The Neuroscience curriculum allows students to learn by doing—by actively participating in course laboratories and learning to work hands-on with human electroencephalogram (EEG), research animals and methods of neurophysiology and neuropharmacology. Students have full access to all laboratory equipment in specific courses and for independent research.
Neuroscience is the interdisciplinary study of the neural underpinnings and consequences of behavior. Scholarship in neuroscience includes the philosophical inquiry into the nature of mind and experience, the empirical study of behavior and the resolution of the molecular and cellular underpinnings of neurophysiology. The neuroscience curriculum at the College has been designed to highlight those resonances and counterpoints among different fields of study that yield new perspectives on the biological basis of consciousness and behavior. The major provides students the opportunity to develop strong foundational training in the natural sciences, philosophy and psychology, as well as specific, rigorous training in the emerging core knowledge of neuroscience.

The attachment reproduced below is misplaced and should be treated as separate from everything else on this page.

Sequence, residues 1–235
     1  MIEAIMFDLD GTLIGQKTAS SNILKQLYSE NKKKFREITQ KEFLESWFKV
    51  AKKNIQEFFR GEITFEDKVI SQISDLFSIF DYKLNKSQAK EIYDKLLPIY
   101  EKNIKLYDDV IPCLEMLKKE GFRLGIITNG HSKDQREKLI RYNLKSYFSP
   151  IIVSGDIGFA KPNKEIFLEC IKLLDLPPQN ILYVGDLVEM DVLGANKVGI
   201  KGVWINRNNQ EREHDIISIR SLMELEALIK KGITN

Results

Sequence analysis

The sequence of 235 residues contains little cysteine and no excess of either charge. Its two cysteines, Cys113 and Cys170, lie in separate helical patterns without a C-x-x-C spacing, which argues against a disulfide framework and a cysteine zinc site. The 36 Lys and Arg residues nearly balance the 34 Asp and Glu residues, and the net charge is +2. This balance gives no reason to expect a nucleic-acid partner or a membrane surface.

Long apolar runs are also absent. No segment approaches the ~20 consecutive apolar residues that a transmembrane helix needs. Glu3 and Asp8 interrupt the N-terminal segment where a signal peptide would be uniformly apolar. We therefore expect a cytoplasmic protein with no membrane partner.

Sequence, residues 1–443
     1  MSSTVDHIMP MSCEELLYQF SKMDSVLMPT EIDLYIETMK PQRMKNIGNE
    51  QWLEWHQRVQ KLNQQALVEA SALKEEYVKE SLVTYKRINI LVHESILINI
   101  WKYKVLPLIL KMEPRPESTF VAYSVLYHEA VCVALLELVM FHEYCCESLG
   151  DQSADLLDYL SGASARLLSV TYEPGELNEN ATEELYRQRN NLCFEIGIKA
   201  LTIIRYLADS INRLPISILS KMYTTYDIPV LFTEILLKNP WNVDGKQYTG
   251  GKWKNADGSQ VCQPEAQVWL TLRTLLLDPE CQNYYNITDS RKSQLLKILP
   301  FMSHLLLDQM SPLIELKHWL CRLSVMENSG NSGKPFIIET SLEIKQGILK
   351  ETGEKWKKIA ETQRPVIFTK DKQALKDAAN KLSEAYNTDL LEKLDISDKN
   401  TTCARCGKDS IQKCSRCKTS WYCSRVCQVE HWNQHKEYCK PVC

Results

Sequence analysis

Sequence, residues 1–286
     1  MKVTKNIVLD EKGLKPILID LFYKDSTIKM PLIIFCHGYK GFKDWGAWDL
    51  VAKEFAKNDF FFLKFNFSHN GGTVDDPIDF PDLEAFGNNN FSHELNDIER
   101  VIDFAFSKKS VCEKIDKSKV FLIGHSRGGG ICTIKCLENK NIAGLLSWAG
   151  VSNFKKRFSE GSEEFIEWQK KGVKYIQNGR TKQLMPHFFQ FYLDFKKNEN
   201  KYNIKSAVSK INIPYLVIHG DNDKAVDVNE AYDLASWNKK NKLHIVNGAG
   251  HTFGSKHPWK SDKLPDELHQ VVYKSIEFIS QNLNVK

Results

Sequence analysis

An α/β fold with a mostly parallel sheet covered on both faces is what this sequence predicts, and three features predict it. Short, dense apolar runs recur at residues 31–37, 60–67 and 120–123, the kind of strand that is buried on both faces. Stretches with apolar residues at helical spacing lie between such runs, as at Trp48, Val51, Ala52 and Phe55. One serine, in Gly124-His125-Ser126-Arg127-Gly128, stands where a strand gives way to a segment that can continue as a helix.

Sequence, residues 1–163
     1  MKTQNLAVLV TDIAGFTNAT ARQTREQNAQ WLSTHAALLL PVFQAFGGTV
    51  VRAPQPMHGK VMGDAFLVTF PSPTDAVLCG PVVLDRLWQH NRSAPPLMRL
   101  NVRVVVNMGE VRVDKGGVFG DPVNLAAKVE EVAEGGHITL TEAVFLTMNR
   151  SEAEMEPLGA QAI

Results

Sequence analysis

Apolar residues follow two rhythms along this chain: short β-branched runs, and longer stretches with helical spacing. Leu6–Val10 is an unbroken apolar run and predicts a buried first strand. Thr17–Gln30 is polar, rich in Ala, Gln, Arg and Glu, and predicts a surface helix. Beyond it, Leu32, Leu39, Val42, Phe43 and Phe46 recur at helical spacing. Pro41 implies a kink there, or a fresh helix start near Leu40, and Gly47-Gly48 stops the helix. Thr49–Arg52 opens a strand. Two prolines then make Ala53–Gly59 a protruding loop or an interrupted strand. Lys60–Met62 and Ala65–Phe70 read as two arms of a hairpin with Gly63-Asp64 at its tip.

Neuroscience majors leave Muhlenberg with a proficient ability to carefully evaluate both neuroscience theory and data and locate these observations within the context of timely scholarship in the field. The critical skills required to complete this major will also foster creativity and proficiency in approaching problem solving, experimental design and empirical analysis in neuroscience. In the broadest sense, graduates in neuroscience will confidently embrace the unknown, develop multiple strategies for generating new knowledge and effectively articulate both what they do and don’t understand. Given the broad curriculum, faculty scholarly expertise and the many opportunities for faculty-student research collaborations, neuroscience majors are especially prepared for careers in academia, industry or the medical clinic.
Our faculty are outstanding teachers and dedicated, prolific research mentors in topics as varied as neurotransmitter receptors, sensory neurophysiology, pharmacology, learning and memory and the foundations of consciousness and cognition. Students often join a neuroscience faculty member’s research lab, co-author manuscripts with faculty and present research locally and nationally, including the Society for Neuroscience Annual Meeting.
Neuroscience classes are lively and diverse, and with good reason: students who major in neuroscience often have dedicated interests in other areas of scholarship and performance. Neuroscience students often pursue dual majors, with neuroscience frequently complimenting studies in philosophy, music, mathematics, English, theatre, dance and chemistry. Students leave Muhlenberg with exposure to the depth and breadth of neuroscience and its many interdisciplinary connections.